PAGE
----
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Mr. Horam: Member states are asked to report the number of cases of certain infectious disease to the World Health Organisation European regional office. These include cases of acute hepatitis B. It should be noted that methods of surveillance, case definitions and completeness of reporting vary between European member states and that caution should be observed when making comparisons. The WHO European office does not hold data of the seroprevalence of chronic hepatitis B infection in member states.

The number of cases of acute hepatitis B reported to the WHO European office by European Union member states in 1994, the latest for year for which most complete data are available, are given in the table. The incidence of acute hepatitis B per 100,000 for EU member states who have provided data to WHO has been calculated using population figures as at 1 January 1994 taken from EUROSTAT (Demographic Statistics).

CountryNumber of cases of acute hepatitis BPopulation in millionsIncidence per 100,000
United Kingdom(56)535[58.3](56)--

(56) This figure includes only cases from England. Using a 1994 population for England of 48.7 millions the rate of acute cases of hepatitis B in England for that year was 1.1 per 100,000.

Seroprevalence rates for chronic hepatitis B infection in other countries are not held centrally.

We understand that in Europe, Italy and France have implemented national policies to immunise infants and adolescents, Spain and Portugal have implemented policies for adolescents; and Belgium has recently begun to introduce a policy for infant and adolescent immunisation.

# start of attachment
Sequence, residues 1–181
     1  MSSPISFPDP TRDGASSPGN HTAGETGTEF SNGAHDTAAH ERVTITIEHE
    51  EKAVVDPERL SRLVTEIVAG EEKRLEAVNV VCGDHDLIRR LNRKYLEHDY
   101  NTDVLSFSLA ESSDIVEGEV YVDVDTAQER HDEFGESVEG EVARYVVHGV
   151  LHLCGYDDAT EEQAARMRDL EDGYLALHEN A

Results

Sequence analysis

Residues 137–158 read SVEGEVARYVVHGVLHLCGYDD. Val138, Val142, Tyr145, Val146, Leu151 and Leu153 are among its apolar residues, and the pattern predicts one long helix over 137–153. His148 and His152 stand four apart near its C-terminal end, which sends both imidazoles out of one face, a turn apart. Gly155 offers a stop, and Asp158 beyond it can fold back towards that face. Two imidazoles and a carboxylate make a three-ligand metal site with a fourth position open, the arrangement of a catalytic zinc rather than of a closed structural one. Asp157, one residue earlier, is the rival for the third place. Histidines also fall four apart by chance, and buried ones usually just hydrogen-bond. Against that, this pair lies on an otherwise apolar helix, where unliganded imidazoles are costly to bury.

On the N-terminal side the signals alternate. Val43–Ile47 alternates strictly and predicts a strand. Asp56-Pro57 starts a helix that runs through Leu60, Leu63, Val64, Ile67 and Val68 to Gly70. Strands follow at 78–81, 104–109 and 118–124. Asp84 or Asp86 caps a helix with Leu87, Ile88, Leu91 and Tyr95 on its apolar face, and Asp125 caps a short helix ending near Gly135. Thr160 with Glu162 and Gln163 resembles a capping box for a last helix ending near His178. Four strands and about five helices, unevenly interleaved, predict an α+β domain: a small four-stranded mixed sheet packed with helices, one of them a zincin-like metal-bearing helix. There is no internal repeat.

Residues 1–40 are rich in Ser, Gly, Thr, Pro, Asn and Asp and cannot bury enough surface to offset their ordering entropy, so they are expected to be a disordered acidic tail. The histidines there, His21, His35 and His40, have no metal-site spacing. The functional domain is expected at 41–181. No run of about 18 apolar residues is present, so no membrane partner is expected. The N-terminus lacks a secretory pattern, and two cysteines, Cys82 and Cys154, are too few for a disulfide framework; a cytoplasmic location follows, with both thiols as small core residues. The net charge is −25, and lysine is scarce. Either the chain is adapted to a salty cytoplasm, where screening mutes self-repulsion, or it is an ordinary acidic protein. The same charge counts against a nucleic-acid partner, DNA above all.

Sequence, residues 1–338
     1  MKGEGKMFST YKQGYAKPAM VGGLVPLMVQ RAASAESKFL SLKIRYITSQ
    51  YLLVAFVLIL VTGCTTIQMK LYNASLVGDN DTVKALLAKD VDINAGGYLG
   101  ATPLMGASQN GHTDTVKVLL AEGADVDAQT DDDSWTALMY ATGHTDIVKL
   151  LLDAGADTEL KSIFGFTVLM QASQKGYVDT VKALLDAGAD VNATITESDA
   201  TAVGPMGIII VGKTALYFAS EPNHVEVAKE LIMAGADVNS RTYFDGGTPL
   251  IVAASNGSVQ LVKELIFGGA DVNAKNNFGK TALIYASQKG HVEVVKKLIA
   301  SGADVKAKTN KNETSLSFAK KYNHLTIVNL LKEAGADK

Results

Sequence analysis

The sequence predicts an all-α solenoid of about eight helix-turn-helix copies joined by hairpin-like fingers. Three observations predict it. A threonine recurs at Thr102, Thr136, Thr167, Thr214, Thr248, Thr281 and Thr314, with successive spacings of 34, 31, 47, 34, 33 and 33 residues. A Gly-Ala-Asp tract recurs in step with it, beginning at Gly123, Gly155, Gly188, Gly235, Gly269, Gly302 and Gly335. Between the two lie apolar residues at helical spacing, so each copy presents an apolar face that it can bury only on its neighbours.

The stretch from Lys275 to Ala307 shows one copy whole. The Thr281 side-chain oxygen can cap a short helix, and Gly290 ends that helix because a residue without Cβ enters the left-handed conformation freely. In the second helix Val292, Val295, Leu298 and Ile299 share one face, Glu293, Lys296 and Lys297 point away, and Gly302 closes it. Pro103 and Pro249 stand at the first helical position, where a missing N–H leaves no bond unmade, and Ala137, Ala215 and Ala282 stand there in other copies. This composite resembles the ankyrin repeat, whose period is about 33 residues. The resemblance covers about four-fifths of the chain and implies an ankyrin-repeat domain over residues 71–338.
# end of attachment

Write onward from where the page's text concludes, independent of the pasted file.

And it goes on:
For the three non-European members of the Group of Seven, we understand that the United States has introduced a universal infant programme, Canada has mainly a universal adolescent policy but with some provinces favouring infant immunisation and Japan has not implemented a universal programme having a selective immunisation policy with particular focus on prevention of perinatal transmission through screening in pregnancy.

Mr. Barron: To ask the Secretary of State for Health what assessment he has made of the extent to which Government policy has reduced the incidence of hepatitis B; and what new measures he plans to reduce such incidence. [38470]

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Mr. Horam: Reports of acute hepatitis B to the public health laboratory service have fallen from a peak of just under 2,000 reports in England in 1984 to 612 reports in 1995--provisional figure. This decrease occurred in most groups at increased risk of infection.